How To Check Solid State Drive

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By James P. Hurley

Solid-state drives (SSDs) are popular due to their advantages over traditional hard drives. They are faster, lighter, and more durable. However, like any other hardware, SSDs can fail, that’s why it’s important to check your SSD’s status frequently. In this article, we’ll go through the steps on how to check your solid-state drive.

Why Check Your SSD

Before we delve into how to check your SSD, let’s first discuss why it’s important to do so. As mentioned earlier, SSDs, like any hardware, can fail. While SSDs are believed to be more reliable than traditional hard drives, they can still develop issues such as bad sectors, slow performance, and overheating. Checking your SSD’s health can help you identify potential problems early so that you can take action before it’s too late.

Step-by-Step Guide on How to Check Your Solid State Drive

Checking your solid-state drive is easier than you might expect. Here’s a step-by-step guide on how to check your SSD.

Step 1: Check Your SSD Health Status with CrystalDiskInfo

CrystalDiskInfo is a free tool that can be used to monitor your SSD’s health status. Here’s how to use it:

1. Download and install CrystalDiskInfo.
2. Open CrystalDiskInfo.
3. Look for your SSD in the list of drives.
4. Check the Health Status section to know how healthy your SSD is, and the temperature section to know how hot your SSD is running.

If your SSD’s health status is marked as good and its temperature is normal, then that’s great. If not, then we recommend that you continue with the next steps.

Step 2: Run ChkDsk

ChkDsk is a built-in Windows tool that can help you identify and fix errors on your SSD. Here’s how to run ChkDsk:

1. Press the Windows key + X and select Command Prompt (Admin).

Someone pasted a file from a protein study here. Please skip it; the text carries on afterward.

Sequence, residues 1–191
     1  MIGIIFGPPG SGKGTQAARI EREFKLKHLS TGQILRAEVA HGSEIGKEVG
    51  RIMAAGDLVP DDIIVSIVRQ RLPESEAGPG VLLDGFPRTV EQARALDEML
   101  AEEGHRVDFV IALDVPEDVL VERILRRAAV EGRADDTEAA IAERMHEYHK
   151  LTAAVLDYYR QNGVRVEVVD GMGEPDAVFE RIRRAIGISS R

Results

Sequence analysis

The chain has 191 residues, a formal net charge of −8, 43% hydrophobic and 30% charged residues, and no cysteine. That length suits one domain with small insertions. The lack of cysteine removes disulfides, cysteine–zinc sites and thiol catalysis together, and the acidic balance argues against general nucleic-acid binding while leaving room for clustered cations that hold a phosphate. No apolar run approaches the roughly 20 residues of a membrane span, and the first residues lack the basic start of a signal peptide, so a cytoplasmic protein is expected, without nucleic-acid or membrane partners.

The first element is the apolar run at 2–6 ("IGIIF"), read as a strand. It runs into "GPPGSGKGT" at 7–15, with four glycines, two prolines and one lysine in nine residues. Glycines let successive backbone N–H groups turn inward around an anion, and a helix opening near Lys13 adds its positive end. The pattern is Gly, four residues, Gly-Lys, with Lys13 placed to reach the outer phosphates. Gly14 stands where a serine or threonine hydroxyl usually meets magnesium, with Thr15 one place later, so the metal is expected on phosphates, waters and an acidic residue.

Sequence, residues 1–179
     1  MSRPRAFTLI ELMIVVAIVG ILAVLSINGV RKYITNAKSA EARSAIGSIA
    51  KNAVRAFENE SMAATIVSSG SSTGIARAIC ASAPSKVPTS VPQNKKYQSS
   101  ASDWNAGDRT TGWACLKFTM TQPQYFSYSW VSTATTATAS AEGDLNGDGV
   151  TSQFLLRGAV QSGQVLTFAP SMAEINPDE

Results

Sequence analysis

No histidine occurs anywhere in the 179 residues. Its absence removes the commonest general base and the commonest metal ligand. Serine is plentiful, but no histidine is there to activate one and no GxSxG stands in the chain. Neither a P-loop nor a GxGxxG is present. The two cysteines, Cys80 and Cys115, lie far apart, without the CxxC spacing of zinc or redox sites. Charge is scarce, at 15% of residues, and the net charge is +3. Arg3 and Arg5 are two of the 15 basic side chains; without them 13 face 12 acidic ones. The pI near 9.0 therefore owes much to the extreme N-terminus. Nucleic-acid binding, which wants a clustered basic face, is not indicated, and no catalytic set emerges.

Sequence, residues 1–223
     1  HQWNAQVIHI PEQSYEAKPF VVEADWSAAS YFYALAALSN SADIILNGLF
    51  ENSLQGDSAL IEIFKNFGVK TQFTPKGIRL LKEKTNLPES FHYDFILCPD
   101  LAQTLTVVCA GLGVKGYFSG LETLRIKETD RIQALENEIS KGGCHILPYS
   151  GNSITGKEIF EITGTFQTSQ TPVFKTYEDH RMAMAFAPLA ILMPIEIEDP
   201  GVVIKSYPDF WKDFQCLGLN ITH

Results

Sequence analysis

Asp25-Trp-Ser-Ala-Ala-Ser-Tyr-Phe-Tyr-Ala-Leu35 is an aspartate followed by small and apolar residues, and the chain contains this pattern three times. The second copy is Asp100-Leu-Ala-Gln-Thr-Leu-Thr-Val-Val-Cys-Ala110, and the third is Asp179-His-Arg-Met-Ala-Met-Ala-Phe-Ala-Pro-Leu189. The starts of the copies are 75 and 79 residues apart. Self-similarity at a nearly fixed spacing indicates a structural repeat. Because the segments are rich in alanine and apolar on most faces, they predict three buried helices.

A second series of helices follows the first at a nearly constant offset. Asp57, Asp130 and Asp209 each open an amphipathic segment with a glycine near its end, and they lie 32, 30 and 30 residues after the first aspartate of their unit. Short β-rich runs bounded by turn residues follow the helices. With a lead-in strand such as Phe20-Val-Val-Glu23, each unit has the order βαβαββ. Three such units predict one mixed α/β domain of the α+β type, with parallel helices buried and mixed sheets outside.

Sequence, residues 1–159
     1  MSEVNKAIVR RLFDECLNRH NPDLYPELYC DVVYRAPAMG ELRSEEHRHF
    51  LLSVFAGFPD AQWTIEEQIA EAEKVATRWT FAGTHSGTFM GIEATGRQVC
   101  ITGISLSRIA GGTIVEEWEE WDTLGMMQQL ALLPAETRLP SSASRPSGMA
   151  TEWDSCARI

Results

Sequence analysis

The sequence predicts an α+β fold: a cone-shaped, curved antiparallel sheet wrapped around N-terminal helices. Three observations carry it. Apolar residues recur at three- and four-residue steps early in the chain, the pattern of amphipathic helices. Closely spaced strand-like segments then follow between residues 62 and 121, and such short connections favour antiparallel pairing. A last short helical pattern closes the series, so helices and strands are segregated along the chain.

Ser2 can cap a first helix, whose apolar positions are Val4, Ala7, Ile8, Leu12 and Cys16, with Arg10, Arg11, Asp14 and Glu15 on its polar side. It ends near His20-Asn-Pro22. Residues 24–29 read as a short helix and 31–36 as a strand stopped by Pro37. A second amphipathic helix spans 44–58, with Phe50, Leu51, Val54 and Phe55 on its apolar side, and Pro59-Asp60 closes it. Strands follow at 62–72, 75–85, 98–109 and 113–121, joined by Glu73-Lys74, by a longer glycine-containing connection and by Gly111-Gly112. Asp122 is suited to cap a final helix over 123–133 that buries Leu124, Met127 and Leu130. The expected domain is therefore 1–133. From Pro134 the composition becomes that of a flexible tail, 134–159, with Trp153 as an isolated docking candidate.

2. Type chkdsk /f /r X: (replace X with the letter of your SSD) and press Enter.
3. Wait for the process to complete.

If ChkDsk finds any errors, it will try to fix them. You might need to restart your computer to complete the process.

Step 3: Perform A Speed Test

SSDs are known for their speed, but a slow SSD can indicate a problem. You can test your SSD’s speed using a tool like CrystalDiskMark. Here’s how to use it:

1. Download and install CrystalDiskMark.
2. Open CrystalDiskMark.
3. Select your SSD under Target Drive.
4. Click the Start button.

The tool will run a test and display the results. You can use the results to compare your SSD’s speed to that of others.

Step 4: Check For Firmware Updates

SSD manufacturers release firmware updates to fix issues and improve performance. You can check for firmware updates using the manufacturer’s website or a tool like SSD Toolbox (Intel) or Samsung Magician.

Step 5: Back Up Your Data

If your SSD is failing and there’s no way to fix it, you may lose your data. That’s why it’s important to backup your data frequently. You can use a free tool like Backup and Sync (Google Drive) or a paid tool like Acronis True Image.


1. Can I check my SSD’s health status without using a tool?
Yes, you can. You can perform a visual inspection of your SSD and look for physical damage. You can also check your computer’s Event Viewer for disk-related errors.

2. How often should I check my SSD’s health status?
It’s recommended that you check your SSD’s health status monthly.

3. Can I fix my SSD if it fails?
It depends on the issue. Some issues can be fixed, while others cannot. It’s best to consult with a professional if your SSD fails.

4. Can I use the same tool to check SSDs from different manufacturers?
Yes, you can. Tools like CrystalDiskInfo are compatible with most SSDs.

5. What should I do if my SSD fails?
If your SSD fails, you should consult with a professional to see if it can be fixed or replaced. In the meantime, you can recover your data from a backup.


Checking your solid-state drive is important because it helps you identify potential issues early. The steps to check your SSD are relatively simple and can be performed using free tools. Remember to check your SSD’s health status, run ChkDsk, test its speed, check for firmware updates and backup your data frequently. By following these steps, you can ensure that your SSD is healthy and secure.


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